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The basics of Salesforce sandbox seeding

Jodi vonSpreckelsen

Customer Success Manager

August 20, 2020

Sandbox seeding, or data seeding, is the practice of populating a Salesforce org with record data after it is created or refreshed. While colloquially referred to as sandbox seeding, it’s important to note data seeding also applies to other types or Salesforce orgs as data can be populated or moved into Developer orgs, scratch orgs and even production.

Common use cases for sandbox seeding

A sandbox is merely a Salesforce environment that you can use for making changes to Salesforce, testing those changes, and training users on changes before making the changes available in production. So sandbox seeding is valuable at various stages of Salesforce development and enables admins/devs to complete projects faster, identify issues early (when they’re easier and cheaper to fix), and reduce the amount of time spent resolving bugs at every stage of development.

For example when starting a new Salesforce project, an admin will ideally start work in their own environment, perhaps a Developer or Developer Pro org. Individual Developer sandboxes provide quicker outcomes while virtually eliminating the chance of accidentally deploying unfinished work into Production or overwriting another teammate’s work. This also lessens the risk of exposing confidential data or impacting the daily tasks of your end users. Most Salesforce enhancements impact record data in one way or another, so it’s helpful to have real business data in your environment. While it is true you can use “dummy data”, substantial, real data is always best. Errors and issues are easier to spot when you’re working with real data, and you can compare against production to see exactly how changes would impact production data and user workflows.

Once the admin is confident their new solution is working the way they want, the next step is to make sure it plays nice with the changes other teammate’s have been making and, of course, production. For this you’ll want to have each individual promote their changes to a shared sandbox for testing. Frequently, admins/devs will want to seed data into the testing environment to achieve a production-like environment with current, clean data for testing so they be confident their changes will work in production.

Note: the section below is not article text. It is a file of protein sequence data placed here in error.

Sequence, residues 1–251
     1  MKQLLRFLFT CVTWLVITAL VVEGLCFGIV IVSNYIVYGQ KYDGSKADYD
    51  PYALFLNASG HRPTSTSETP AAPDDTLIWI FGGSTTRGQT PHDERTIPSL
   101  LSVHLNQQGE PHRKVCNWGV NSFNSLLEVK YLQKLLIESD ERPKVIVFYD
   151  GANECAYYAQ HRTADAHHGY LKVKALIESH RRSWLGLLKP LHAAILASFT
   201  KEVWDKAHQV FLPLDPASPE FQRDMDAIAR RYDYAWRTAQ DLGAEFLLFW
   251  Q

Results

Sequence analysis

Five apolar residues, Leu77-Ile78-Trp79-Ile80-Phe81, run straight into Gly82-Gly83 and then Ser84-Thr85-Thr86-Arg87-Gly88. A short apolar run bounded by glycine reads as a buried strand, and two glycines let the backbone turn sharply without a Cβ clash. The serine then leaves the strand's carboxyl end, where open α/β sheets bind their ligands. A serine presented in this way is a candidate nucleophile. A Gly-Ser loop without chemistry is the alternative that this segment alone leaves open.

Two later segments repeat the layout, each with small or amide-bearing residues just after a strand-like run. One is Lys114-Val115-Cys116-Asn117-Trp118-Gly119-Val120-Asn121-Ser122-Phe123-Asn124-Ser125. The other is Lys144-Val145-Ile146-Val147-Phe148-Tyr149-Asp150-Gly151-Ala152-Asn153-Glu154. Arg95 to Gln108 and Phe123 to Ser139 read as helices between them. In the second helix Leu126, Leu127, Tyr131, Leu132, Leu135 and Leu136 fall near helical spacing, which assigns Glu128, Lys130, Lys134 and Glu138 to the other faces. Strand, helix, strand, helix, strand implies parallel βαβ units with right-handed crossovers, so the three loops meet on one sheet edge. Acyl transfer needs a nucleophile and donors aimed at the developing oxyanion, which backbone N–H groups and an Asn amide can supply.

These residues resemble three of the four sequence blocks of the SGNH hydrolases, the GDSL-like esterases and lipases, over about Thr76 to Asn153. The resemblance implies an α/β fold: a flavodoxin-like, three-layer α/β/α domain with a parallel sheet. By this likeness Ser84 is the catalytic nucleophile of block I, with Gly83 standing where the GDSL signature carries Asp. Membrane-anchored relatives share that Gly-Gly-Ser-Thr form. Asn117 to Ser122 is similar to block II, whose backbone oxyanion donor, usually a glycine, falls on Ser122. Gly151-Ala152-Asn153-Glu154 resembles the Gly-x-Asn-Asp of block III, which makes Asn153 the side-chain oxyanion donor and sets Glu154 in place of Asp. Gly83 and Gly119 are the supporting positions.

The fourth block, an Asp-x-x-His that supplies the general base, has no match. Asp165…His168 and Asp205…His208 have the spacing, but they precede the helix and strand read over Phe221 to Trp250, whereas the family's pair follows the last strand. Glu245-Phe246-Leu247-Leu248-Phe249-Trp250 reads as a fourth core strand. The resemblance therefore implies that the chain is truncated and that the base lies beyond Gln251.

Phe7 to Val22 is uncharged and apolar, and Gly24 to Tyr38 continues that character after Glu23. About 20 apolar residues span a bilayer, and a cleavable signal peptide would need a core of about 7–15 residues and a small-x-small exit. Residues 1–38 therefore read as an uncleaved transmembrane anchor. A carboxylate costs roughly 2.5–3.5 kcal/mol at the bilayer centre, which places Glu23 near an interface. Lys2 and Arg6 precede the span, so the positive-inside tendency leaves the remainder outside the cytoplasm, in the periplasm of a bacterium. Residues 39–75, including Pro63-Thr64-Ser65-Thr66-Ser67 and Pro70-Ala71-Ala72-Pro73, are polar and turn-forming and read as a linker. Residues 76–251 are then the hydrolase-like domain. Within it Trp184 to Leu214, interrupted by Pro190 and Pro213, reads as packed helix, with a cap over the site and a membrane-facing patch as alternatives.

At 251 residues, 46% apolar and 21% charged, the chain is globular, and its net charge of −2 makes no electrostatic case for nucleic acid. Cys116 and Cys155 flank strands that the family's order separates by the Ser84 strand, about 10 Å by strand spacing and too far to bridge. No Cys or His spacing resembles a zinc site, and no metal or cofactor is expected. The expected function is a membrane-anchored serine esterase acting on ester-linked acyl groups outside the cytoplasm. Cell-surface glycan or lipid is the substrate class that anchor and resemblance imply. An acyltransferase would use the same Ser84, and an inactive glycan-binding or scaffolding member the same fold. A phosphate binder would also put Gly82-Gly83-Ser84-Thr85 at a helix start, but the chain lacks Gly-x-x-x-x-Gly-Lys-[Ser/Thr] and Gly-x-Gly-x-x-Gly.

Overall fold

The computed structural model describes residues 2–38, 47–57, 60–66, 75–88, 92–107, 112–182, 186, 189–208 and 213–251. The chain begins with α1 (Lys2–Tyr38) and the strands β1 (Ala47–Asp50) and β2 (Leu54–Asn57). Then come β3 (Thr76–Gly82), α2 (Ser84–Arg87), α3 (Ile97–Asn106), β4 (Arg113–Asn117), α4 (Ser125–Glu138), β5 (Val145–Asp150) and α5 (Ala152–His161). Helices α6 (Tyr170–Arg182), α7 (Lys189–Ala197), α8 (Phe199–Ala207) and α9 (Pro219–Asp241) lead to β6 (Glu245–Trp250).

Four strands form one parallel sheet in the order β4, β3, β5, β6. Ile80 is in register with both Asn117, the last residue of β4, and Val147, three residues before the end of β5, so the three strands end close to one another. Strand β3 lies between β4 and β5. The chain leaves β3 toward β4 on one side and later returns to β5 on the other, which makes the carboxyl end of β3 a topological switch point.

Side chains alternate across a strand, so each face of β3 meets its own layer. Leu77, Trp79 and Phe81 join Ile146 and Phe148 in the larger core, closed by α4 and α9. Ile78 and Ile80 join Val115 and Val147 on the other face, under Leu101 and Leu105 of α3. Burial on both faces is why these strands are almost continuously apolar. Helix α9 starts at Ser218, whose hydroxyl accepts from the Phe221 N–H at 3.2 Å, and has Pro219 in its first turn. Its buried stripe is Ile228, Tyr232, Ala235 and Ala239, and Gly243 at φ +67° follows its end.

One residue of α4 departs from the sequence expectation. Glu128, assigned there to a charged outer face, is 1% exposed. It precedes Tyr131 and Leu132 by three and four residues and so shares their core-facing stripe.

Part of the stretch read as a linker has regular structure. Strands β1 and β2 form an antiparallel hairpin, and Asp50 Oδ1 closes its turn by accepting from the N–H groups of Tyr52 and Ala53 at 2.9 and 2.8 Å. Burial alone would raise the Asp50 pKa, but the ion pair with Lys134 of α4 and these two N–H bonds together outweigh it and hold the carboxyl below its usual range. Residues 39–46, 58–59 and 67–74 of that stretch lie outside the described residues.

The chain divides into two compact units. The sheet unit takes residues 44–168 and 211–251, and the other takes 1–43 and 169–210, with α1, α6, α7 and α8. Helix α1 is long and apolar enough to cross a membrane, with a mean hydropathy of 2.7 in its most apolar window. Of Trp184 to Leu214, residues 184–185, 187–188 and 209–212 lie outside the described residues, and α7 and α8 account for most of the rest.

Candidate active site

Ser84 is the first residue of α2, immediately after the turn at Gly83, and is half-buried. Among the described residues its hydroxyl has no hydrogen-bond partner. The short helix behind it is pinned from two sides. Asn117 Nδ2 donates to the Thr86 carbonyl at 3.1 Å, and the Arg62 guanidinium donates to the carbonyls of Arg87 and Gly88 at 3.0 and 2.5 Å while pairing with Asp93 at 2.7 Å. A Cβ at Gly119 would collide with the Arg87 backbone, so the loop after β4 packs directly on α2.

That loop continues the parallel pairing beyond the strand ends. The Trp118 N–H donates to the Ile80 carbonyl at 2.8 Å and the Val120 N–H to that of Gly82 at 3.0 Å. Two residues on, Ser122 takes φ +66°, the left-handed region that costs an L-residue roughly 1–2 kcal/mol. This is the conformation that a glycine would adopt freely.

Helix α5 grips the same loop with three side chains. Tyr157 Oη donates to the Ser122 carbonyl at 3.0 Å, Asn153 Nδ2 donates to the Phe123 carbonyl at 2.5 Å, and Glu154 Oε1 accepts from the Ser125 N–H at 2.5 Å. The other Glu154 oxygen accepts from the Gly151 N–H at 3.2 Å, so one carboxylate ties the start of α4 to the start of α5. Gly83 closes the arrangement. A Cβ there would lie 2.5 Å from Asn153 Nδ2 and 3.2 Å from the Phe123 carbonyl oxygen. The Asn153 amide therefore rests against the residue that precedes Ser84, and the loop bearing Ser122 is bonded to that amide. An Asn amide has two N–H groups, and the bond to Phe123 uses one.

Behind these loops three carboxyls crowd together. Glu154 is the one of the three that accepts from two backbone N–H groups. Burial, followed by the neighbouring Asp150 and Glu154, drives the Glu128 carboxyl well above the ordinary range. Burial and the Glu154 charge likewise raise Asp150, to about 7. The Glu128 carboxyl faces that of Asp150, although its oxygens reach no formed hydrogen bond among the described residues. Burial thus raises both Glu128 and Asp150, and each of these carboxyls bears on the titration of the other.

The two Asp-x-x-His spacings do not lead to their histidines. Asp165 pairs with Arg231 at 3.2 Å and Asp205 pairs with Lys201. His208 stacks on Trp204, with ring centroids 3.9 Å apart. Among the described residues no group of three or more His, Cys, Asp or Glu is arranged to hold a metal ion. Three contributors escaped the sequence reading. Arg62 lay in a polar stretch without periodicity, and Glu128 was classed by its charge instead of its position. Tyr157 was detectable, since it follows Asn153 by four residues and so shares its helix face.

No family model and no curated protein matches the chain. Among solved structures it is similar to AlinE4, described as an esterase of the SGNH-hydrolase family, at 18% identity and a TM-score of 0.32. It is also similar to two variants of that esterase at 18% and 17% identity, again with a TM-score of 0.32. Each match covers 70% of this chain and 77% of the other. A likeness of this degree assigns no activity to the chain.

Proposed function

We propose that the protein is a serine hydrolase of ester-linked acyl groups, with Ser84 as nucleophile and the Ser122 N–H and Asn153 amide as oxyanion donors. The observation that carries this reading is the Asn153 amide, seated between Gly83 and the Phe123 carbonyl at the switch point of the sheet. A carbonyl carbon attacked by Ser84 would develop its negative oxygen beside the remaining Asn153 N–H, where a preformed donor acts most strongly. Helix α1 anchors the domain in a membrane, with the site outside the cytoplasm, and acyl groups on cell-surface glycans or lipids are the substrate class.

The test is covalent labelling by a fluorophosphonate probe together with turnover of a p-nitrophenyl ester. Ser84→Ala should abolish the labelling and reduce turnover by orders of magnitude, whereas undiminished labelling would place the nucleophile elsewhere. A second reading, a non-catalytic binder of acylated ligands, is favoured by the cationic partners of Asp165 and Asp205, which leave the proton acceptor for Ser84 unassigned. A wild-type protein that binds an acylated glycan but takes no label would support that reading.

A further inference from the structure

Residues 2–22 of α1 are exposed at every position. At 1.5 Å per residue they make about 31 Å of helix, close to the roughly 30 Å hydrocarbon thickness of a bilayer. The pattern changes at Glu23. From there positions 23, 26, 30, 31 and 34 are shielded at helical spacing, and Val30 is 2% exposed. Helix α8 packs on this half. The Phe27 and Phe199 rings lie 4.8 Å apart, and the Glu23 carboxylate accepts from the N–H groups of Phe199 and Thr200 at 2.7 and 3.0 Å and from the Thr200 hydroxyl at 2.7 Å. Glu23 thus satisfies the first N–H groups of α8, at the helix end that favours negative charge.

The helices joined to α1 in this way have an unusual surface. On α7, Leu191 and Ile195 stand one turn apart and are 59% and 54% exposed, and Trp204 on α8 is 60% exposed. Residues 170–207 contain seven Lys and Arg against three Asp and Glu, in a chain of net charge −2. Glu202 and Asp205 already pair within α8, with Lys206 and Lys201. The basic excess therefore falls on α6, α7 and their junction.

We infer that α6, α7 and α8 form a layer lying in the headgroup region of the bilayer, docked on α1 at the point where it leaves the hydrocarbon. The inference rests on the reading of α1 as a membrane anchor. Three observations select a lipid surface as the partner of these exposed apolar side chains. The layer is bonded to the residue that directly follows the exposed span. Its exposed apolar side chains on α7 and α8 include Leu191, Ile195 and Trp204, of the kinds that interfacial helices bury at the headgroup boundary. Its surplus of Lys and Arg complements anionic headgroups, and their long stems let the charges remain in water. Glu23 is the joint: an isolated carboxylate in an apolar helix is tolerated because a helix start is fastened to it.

While the majority of Salesforce changes should follow a release path where work starts in an individual Dev org and gets promoted up to testing sandboxes and ultimately pushed into production, there is also a solid argument to have an exception process for quick changes or hotfixes. Due to the urgent nature of hotfixes, companies often make changes in a dedicated sandbox and push them into production. This enables admins to keep production running smoothly, but can cause the orgs in the standard release path to become out of sync with production. After hotfixes, it is important to seed the testing and training sandboxes to ensure regular development projects have the latest configurations and data.

Finally one of the other benefits of seeding sandboxes with actual production data is that you will now be able to create a training environment for new end users and even new hires. How can you expect a new user to learn and understand how to use Salesforce if they don’t have real life scenarios and data for practice? Dummy data can inhibit the learning process because it doesn’t provide necessary business context for users. Keeping your training org current makes the transition to production easier for users.

Challenges to seeding sandboxes

Seeding sandbox testing should be a best practice for any Development/QA team, however manually having to seed data is very time-consuming and can lead to unnecessary added expenses and project delays. Data security concerns can also hinder data seeding effort, as selecting the correct subset of data and scrambling sensitive data all while maintaining the child-parent relationships that exist in production adds additional steps and complexity.

Prodly AppOps Release automates sandbox seeding to move entire relational data schemas at once with granular control over which records will be seeded and obfuscation options for protecting sensitive data. If you’re interested in reducing your admin’s workload and speeding up your Development/QA sprint cycles by automating sandbox seeding, give us a call.